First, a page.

Tony Zhou’s sharp, erudite video essay series, “Every Frame a Painting,” is a must-watch for any film fan. The latest installment is actually something of an outtake—it’s a discarded snippet of a longer piece on director Akira Kurosawa—but Zhou makes even its short three minutes teem with insight.
The subject is The Bad Sleep Well, which sees Kurosawa use wildly inventive compositions to keep conversation scenes interesting. As Zhou notes, these types of scenes can get yawn-inducing: When filming them, directors usually employ a boilerplate style of wide shots accompanied by close-ups. But Kurosawa’s method instead played with geometry, using actors and the set to literally shape a scene.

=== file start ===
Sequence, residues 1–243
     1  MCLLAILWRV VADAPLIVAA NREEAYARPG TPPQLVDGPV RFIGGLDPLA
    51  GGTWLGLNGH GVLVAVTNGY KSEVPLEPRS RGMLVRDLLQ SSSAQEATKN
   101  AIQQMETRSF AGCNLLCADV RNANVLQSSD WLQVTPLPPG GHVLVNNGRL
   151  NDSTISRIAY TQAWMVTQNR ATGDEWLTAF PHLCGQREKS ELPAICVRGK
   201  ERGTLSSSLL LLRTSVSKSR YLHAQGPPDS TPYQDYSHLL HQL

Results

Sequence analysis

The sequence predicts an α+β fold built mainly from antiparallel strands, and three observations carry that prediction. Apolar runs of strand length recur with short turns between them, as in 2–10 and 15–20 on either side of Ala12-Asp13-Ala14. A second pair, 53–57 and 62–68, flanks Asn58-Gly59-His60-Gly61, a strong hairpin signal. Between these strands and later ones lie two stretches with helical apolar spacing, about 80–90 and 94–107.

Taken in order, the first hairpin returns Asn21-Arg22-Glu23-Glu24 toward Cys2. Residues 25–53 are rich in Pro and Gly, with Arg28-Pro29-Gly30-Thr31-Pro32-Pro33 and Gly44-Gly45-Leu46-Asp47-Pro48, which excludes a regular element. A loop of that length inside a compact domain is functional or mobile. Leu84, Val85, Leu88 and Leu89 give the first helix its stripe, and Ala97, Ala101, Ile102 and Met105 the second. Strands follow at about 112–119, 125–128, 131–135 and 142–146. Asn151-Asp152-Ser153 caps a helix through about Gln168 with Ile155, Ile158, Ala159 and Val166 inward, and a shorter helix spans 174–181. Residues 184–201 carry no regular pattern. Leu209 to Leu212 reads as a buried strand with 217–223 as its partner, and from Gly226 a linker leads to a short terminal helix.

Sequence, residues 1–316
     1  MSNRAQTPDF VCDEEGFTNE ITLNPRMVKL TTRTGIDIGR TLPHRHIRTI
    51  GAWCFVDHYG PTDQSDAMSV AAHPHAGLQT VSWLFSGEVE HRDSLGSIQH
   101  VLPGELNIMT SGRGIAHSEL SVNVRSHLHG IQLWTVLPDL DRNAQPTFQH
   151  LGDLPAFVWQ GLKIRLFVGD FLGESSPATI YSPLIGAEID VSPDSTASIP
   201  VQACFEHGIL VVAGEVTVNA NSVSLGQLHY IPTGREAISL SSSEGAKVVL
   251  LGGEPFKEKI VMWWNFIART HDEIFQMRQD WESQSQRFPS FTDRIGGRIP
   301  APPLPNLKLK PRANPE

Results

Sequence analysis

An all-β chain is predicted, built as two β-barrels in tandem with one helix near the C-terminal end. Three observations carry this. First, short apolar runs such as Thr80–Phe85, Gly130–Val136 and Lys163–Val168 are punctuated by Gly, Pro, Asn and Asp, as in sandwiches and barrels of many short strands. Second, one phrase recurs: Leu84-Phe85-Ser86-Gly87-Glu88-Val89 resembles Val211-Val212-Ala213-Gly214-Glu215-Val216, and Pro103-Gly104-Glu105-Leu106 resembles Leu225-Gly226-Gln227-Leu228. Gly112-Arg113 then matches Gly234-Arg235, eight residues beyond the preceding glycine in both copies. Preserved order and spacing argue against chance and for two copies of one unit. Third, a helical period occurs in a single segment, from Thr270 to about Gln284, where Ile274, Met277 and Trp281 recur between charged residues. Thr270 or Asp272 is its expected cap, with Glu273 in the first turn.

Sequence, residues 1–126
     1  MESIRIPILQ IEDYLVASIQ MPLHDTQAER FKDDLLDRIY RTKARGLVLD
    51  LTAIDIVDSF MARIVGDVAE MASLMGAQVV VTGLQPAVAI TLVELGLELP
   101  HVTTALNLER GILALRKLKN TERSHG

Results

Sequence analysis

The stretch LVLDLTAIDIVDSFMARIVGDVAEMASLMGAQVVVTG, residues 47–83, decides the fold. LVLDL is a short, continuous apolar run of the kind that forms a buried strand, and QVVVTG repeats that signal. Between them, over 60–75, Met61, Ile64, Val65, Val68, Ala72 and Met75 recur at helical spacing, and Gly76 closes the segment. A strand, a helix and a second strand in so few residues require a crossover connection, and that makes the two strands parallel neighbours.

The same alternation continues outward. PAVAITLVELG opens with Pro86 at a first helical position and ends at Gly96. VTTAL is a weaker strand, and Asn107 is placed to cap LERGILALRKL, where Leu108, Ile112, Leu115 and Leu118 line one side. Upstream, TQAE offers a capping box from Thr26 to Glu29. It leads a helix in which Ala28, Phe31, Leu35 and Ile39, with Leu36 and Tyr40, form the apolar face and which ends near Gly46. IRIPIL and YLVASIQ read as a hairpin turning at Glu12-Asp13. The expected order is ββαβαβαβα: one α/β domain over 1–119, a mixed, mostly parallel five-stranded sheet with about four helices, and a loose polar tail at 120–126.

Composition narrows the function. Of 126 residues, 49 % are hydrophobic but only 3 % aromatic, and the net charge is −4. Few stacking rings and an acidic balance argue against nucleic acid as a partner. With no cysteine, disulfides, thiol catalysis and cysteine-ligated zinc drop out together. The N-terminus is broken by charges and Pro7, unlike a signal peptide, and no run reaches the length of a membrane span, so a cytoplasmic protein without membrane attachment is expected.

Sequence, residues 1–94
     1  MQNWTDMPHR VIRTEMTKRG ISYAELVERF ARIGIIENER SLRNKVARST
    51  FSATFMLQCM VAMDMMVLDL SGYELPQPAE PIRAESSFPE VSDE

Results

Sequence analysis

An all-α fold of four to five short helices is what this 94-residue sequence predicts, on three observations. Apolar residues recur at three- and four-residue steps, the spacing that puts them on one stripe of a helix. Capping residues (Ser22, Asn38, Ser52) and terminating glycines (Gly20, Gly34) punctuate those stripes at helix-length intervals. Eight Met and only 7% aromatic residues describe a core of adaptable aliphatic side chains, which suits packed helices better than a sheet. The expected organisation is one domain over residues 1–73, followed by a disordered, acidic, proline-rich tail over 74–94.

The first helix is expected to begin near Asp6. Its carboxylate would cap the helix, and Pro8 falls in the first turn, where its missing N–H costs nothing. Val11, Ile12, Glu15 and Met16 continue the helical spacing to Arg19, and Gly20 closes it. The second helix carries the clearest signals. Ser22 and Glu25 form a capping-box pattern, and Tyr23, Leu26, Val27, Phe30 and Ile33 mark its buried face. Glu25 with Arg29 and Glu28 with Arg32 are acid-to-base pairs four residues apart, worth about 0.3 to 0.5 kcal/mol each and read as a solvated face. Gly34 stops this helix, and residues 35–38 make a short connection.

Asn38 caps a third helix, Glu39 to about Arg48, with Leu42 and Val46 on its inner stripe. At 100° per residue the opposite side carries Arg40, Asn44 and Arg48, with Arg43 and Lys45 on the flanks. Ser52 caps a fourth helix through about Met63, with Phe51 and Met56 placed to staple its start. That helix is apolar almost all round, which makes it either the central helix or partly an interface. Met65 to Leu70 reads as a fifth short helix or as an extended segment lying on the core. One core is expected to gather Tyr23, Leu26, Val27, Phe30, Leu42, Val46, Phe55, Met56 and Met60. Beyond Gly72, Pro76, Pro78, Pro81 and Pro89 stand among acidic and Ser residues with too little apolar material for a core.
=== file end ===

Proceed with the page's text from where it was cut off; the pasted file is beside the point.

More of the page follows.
Want to Know What Makes David Fincher Great? Focus On What He Doesn’t Do.
How Movies and TV Shows Are Making Text Messaging Cinematic
What American Comedy Filmmakers Could Learn From Edgar Wright